Sources say that the Senate Banking Committee will take up discussions of S 1217, yet another bill that addresses housing finance reform, sometime this week.  A mark-up session scheduled for last week was cancelled at the last minute  by committee chair Tim Johnson (D-SD) who along with ranking member Mike Crapo (R-ID) sponsors the legislation.

The Johnson-Crapo bill is this season's variation on the Warner-Corker legislation introduced last year with a few notable exceptions that may make it more palatable to consumer groups.  Even so, the bill will face tough sledding in a contentious Senate and during an election year.

S 1217 would wind down the two government sponsored enterprises (GSEs) Fannie Mae and Freddie Mac which have been in government conservatorship since 2008 and virtually eliminate the guarantee the two GSEs have provided to investors who purchased mortgages from them or securities backed by those mortgages.  In the place of the GSEs the bill establishes the Federal Mortgage Insurance Corporation (FMIC) as an all-purpose agency patterned after the Federal Deposit Insurance Corporation.  Funded by fees paid by lenders and investors FMIC will serve as housing regulator and would allow for the creation of a private marketplace for buying and selling mortgages and securities backed by mortgages.   While the originators and aggregators who would make use of this marketplace or securitization platform are not clearly defined, it is assumed they would be the banks, mortgage companies, and investors who inhabit the current system.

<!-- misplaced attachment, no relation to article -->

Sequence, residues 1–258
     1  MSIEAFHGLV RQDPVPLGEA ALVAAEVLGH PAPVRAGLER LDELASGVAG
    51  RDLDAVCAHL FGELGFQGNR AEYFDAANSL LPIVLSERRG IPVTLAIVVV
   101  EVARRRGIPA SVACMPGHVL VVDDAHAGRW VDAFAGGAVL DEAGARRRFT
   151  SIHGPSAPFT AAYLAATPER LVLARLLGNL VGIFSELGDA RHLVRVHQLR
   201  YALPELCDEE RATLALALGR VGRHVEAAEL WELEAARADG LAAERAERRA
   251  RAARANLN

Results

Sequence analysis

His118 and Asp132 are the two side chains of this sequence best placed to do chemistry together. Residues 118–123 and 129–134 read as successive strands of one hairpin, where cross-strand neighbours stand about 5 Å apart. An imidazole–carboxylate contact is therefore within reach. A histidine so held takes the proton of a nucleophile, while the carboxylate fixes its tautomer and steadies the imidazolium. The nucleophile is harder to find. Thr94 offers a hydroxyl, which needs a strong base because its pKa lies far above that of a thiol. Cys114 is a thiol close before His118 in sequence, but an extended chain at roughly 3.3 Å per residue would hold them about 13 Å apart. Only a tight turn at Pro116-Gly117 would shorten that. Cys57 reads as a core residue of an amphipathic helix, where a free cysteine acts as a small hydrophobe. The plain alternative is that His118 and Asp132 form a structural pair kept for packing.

FMIC would provide a backstop guarantee to those private firms, each of whom would be required to put up 10 percent in first-loss capital.  The government guarantee would kick in only after that capital was exhausted by catastrophic losses through mortgage defaults.  FMIC would establish underwriting guidelines that would incorporate those of the Consumer Financial Protection Agency's Qualified Mortgage rule and would regulate the contracts, representations and warranties and servicing agreements that govern the secondary market.  The proposed legislation would ease downpayment requirements from the flat minimum of 5 percent mandated by Warner-Corker to allow for a 3.5 percent downpayment for first-time homebuyers.  The Warner bill would have lowered conforming loan limits but the new bill keeps them at their current level to avoid disruption to the markets.  

The proposed legislation also provides accommodations to allow small lenders to participate in the system through a mutual cooperative and it abolishes the affordable housing goals mandated for the GSEs, resurrecting instead the Housing Trust Fund which has gone unfunded since 2008.  The fund would be supported by FMIC user fees. It also provides more details for the transition from the existing housing finance system than does the earlier bill.  The Warner bill eliminates the Federal Housing Finance Agency (FHFA), current regulator of the GSEs in favor of FMIC while the Johnson bill retains it as an independent agency of FMIC, giving the finance system a total of seven federal regulators (the Office of the Comptroller of the Currency, the Federal Reserve, the Federal Deposit Insurance Corporation, the Consumer Financial Protection Bureau (CFPB), the Securities and Exchange Commission, and the Commodity Futures Trading Commission, and FHFA) with which to deal.